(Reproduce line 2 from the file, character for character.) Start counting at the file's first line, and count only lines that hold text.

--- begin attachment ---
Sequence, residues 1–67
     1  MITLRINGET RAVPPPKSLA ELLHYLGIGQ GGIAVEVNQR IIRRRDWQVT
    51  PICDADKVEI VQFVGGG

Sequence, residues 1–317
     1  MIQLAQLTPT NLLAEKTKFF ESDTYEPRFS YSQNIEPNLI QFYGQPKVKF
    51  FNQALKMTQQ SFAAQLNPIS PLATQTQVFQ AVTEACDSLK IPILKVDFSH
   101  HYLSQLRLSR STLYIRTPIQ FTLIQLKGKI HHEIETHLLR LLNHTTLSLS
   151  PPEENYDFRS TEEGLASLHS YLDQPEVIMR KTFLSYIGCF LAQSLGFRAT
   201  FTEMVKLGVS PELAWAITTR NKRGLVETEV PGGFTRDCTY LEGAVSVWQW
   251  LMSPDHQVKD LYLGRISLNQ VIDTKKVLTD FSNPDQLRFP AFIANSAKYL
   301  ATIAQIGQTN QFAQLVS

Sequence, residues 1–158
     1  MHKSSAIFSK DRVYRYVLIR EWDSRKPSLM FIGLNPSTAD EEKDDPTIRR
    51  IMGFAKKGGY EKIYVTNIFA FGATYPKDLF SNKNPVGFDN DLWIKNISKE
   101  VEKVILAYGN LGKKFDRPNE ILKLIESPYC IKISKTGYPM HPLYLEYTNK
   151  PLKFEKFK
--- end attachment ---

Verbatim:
     1  MITLRINGET RAVPPPKSLA ELLHYLGIGQ GGIAVEVNQR IIRRRDWQVT